The tube 224 defines a top receptacle 228 and a bottom receptacle 230 of the socket 216. In this example, the top receptacle 228 is slightly larger in diameter and is slightly longer or deeper that the bottom receptacle 230. A divider ridge 232 is provided within the tube 224 to provide a positive stop surface for a riser inserted into either receptacle. In this example, the receptacles 228 and 230 are sized differently to accommodate a riser having two different ends, as mentioned above. However, the receptacles 228 and 230 can be substantially identical in all respects in order to accept either end of a symmetrical riser, if desired.
The socket 216 also has a plurality of rib buttresses 234 that are oriented generally vertically in this example. Again, the rib buttresses 234 can be oriented at an angle relative to vertical, if desired. In this example, each rib buttress has an upper section 234 a positioned above the support 226 and a lower section 234 b positioned below the support 226. Each buttress 234 also has an inner portion 236 connected to the tube 224 and an outer portion 238 connected to the wall 222. The buttresses, depending upon height, material selection, and thickness, assist in suspending and supporting the tube 224 within the opening 220. The buttresses 234, if formed having a height as tall as a wall height of the wall 222, result in a substantially rigid socket structure. It has been learned that a rigid connection at the rear socket and riser will cause either the panel, socket, and/or the riser to break under stress.
Thus, as shown in
The buttress ribs 234 and support 226 may be molded or otherwise formed from a suitable material such as polypropylene, polyethylene, polystyrene, or the like. Alternatively, the support and the ribs may be formed from any other suitable material that permits slight bending or deflection while maintaining the overall strength and stability of the shelving unit. The socket 216 including the support 226, opening 220, tube 224, and ribs 234 can thus be formed from the same material as the panel 200, and can be formed integrally therewith. Alternatively, the socket 216 can be formed as a separate component from a suitable material, and then can be inserted into the panel or insert molded as part of the panel.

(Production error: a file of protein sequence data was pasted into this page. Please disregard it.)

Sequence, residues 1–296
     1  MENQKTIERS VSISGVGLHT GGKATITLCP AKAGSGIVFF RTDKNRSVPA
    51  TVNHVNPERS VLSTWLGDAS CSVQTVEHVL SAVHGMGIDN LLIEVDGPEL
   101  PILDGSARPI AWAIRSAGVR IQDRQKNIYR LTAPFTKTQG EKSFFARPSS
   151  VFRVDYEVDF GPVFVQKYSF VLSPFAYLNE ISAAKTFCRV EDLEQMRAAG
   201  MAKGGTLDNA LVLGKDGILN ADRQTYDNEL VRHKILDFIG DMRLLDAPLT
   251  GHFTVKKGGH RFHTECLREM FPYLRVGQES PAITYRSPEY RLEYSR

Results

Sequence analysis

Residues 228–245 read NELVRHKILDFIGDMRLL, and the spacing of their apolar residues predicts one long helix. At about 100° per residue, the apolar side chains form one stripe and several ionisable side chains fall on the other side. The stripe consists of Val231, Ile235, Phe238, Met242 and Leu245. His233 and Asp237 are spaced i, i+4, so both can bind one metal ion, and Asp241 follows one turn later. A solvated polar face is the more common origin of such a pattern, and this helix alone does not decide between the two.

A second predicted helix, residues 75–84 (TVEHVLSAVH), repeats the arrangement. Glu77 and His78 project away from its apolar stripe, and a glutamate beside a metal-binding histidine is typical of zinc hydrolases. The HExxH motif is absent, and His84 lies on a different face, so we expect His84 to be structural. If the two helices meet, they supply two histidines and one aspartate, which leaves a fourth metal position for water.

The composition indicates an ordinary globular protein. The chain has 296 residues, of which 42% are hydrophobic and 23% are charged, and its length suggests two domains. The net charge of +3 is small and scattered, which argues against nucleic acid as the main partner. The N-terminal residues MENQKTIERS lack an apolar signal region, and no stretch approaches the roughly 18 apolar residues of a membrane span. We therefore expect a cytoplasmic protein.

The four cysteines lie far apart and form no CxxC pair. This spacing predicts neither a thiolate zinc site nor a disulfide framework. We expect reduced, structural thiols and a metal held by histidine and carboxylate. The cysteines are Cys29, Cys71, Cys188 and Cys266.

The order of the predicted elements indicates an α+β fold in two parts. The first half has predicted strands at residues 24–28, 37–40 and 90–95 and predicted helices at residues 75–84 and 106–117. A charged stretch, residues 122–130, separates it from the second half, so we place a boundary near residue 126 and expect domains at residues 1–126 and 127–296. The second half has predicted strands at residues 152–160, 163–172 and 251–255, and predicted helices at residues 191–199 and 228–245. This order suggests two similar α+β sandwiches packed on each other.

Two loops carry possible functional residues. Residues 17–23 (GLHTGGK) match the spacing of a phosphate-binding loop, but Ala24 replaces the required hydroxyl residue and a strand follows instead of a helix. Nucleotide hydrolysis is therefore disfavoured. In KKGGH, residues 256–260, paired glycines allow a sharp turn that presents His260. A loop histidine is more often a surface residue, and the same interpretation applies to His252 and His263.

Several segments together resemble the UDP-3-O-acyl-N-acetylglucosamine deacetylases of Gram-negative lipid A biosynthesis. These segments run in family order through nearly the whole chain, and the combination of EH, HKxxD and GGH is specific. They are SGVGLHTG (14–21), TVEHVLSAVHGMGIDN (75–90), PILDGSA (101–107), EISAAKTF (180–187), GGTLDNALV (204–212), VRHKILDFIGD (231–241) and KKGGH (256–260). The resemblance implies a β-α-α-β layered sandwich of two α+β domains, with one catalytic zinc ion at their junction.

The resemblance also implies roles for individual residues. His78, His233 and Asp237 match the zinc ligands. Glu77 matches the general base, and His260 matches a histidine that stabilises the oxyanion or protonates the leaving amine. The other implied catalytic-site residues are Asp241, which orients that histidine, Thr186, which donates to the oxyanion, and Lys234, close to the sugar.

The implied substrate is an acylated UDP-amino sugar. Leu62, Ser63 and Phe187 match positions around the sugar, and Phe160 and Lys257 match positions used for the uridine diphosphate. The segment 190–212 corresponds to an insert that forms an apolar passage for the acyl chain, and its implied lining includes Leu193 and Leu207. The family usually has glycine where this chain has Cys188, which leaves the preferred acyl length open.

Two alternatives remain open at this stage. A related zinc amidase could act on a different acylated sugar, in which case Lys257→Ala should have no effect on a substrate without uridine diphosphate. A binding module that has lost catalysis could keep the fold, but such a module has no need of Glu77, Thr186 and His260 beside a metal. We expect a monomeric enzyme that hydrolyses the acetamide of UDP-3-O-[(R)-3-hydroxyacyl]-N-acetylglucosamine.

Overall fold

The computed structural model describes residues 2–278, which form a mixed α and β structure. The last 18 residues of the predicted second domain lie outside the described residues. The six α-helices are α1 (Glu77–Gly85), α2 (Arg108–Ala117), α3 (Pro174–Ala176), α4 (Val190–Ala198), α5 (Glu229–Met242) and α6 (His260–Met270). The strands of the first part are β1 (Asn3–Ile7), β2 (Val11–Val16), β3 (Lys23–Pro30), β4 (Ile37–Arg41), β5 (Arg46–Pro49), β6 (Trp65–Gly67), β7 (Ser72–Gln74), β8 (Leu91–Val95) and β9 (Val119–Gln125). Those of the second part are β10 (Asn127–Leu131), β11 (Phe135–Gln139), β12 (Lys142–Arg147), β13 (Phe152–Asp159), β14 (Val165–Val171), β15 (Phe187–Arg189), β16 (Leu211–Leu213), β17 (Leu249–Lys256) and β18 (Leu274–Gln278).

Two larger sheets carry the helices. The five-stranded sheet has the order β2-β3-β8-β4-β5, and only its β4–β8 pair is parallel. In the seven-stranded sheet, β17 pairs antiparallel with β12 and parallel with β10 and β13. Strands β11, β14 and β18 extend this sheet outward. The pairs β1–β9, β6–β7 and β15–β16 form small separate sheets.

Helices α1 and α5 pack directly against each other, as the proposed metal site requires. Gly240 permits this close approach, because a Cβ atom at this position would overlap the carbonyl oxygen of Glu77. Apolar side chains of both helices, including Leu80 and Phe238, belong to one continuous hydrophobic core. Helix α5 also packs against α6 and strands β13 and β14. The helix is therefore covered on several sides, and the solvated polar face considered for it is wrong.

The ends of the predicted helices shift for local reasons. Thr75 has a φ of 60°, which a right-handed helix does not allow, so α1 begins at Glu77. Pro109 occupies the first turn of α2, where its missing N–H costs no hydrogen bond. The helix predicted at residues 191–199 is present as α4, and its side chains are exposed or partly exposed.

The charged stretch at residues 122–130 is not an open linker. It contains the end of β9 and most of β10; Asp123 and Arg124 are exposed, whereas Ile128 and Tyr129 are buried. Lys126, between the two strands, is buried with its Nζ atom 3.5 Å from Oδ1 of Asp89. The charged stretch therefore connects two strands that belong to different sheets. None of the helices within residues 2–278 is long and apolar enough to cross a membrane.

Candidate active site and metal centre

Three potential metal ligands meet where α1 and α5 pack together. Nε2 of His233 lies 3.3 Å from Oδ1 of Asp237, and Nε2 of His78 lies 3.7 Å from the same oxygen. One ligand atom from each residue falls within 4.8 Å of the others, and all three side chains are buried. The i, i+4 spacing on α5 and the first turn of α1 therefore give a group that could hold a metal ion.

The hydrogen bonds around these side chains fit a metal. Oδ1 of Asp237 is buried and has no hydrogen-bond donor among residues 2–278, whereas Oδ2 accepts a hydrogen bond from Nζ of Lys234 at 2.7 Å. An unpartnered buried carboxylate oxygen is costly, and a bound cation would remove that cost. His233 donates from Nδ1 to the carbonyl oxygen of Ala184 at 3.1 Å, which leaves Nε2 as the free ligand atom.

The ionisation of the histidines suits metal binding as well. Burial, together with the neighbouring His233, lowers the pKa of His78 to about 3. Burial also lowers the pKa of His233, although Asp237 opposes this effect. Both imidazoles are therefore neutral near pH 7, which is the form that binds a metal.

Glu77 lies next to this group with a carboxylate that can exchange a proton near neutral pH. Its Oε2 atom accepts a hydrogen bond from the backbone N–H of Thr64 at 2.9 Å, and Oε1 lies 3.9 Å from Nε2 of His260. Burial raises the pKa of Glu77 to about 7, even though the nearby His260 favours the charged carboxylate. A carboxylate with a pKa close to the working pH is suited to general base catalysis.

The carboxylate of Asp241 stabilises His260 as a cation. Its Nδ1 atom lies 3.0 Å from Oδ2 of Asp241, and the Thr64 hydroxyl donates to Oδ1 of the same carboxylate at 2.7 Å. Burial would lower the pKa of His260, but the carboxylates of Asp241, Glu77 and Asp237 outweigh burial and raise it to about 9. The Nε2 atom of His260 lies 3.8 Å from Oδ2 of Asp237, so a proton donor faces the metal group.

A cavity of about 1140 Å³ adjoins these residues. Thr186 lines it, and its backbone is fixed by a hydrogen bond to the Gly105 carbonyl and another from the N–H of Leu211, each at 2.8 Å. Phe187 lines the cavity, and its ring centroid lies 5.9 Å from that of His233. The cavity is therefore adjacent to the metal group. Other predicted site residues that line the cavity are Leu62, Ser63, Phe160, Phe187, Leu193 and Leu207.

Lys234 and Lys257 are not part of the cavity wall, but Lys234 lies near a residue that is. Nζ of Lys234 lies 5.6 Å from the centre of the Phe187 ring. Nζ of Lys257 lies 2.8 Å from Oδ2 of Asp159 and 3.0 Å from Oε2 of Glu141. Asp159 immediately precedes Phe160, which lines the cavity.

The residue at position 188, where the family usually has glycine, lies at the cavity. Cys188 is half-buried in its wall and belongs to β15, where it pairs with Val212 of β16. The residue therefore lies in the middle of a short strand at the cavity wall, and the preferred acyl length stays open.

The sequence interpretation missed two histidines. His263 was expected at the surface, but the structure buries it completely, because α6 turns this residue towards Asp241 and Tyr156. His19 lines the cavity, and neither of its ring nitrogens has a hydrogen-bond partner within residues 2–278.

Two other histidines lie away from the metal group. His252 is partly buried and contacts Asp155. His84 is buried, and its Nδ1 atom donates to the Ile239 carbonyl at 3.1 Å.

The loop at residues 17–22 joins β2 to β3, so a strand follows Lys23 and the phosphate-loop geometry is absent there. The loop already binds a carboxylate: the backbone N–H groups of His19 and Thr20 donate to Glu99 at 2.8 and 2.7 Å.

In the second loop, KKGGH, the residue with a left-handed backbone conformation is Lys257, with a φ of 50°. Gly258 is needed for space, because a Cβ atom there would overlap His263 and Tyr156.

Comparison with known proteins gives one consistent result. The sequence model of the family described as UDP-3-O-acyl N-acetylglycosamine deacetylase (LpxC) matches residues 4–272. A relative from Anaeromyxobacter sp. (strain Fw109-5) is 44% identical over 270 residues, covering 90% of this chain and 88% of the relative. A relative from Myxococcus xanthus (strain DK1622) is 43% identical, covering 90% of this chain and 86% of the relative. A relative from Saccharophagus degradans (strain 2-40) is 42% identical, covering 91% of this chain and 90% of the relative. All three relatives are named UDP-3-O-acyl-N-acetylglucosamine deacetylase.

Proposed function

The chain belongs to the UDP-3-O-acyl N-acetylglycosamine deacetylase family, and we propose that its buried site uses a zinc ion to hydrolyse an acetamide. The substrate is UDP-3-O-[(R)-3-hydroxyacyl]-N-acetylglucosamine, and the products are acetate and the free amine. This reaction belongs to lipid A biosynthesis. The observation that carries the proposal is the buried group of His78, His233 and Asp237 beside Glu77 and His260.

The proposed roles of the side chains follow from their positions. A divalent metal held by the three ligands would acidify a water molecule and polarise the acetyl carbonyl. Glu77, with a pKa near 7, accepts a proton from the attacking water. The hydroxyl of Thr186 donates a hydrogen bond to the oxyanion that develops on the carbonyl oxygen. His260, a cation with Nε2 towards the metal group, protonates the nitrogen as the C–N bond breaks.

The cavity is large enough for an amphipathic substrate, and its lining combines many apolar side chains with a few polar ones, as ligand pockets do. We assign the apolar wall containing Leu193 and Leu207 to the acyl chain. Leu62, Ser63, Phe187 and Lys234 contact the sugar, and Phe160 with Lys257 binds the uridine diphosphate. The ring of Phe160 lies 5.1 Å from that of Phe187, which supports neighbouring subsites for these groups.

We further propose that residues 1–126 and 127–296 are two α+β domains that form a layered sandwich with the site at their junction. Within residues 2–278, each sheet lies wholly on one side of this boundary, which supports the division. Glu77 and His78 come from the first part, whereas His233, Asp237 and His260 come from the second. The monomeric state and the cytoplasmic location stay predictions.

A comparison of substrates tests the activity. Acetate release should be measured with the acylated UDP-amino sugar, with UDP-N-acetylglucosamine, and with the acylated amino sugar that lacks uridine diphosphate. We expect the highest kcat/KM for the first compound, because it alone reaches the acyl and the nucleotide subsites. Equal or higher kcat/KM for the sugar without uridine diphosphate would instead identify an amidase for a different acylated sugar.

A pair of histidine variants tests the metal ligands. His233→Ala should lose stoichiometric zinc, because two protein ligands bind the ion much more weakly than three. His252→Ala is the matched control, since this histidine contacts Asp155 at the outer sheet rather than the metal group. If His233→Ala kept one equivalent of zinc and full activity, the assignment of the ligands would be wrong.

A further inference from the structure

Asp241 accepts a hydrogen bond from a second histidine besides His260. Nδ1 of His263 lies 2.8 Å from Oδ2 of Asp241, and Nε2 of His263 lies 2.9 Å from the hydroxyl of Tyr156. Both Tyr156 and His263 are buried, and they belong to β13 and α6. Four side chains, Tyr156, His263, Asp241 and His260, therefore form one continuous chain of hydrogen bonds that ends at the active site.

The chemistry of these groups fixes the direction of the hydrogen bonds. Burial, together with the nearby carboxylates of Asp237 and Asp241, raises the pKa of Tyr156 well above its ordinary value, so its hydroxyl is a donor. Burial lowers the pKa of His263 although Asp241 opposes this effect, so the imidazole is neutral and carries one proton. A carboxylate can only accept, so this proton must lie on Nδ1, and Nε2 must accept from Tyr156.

As a load is applied to the panel, stress is transmitted to the socket and dissipated into the support, ribs, and tube as it moves relative to the panel. Thus, stress is relieved from the panel itself and is dissipated prior to being transmitted into the riser. Additional relief openings 244 can be provided in the support 226 between the buttress ribs 234, the tube 224 and the wall 220. The relief openings can further assist in adding flexibility to the socket structure.
The depressions or sockets 250 and 256 can be formed integral with the panel surfaces, or can be formed separately and added to the panel using any suitable process. Additionally, the domed surfaces or balls 262 can also be formed integrally with the risers 260, or can be formed separately and added thereto in any suitable manner.
Although certain modular shelving units have been disclosed and described herein in accordance with the teachings of the present invention, the scope of coverage of this patent is not limited thereto. On the contrary, this patent covers all embodiments of the teachings of the invention fairly falling within the scope of the invention, either literally or under the doctrine of equivalents.
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|U.S. Classification||211/144, 211/78, 211/163|
|International Classification||A47B87/02, A47B81/00, A47B49/00, A47F5/02|
|Cooperative Classification||A47B49/006, A47F5/02, A47B87/0223, A47B81/002|
|European Classification||A47B81/00B, A47B87/02B2, A47F5/02, A47B49/00D2|
|May 16, 2003||AS||Assignment|
Owner name: RUBBERMAID INCORPORATED, OHIO
Free format text: ASSIGNMENT OF ASSIGNORS INTEREST;ASSIGNORS:CRAFT, CHARLES W.;STITCHICK, DAVID M.;REEL/FRAME:014072/0655
Effective date: 20030417
|Dec 20, 2005||CC||Certificate of correction|
|Dec 22, 2008||FPAY||Fee payment|
Year of fee payment: 4
|Dec 21, 2012||FPAY||Fee payment|
Year of fee payment: 8